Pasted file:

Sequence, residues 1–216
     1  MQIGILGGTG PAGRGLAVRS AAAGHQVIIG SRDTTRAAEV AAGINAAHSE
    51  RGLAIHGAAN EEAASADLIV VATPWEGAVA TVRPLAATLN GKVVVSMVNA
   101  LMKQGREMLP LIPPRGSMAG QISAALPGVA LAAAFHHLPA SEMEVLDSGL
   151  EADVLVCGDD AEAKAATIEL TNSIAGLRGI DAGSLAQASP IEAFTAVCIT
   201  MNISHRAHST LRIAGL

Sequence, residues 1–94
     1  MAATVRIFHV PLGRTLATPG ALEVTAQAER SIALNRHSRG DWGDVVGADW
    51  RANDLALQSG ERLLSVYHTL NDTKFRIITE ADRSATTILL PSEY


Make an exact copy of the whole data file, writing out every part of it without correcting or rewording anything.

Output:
Sequence, residues 1–216
     1  MQIGILGGTG PAGRGLAVRS AAAGHQVIIG SRDTTRAAEV AAGINAAHSE
    51  RGLAIHGAAN EEAASADLIV VATPWEGAVA TVRPLAATLN GKVVVSMVNA
   101  LMKQGREMLP LIPPRGSMAG QISAALPGVA LAAAFHHLPA SEMEVLDSGL
   151  EADVLVCGDD AEAKAATIEL TNSIAGLRGI DAGSLAQASP IEAFTAVCIT
   201  MNISHRAHST LRIAGL

Sequence, residues 1–94
     1  MAATVRIFHV PLGRTLATPG ALEVTAQAER SIALNRHSRG DWGDVVGADW
    51  RANDLALQSG ERLLSVYHTL NDTKFRIITE ADRSATTILL PSEY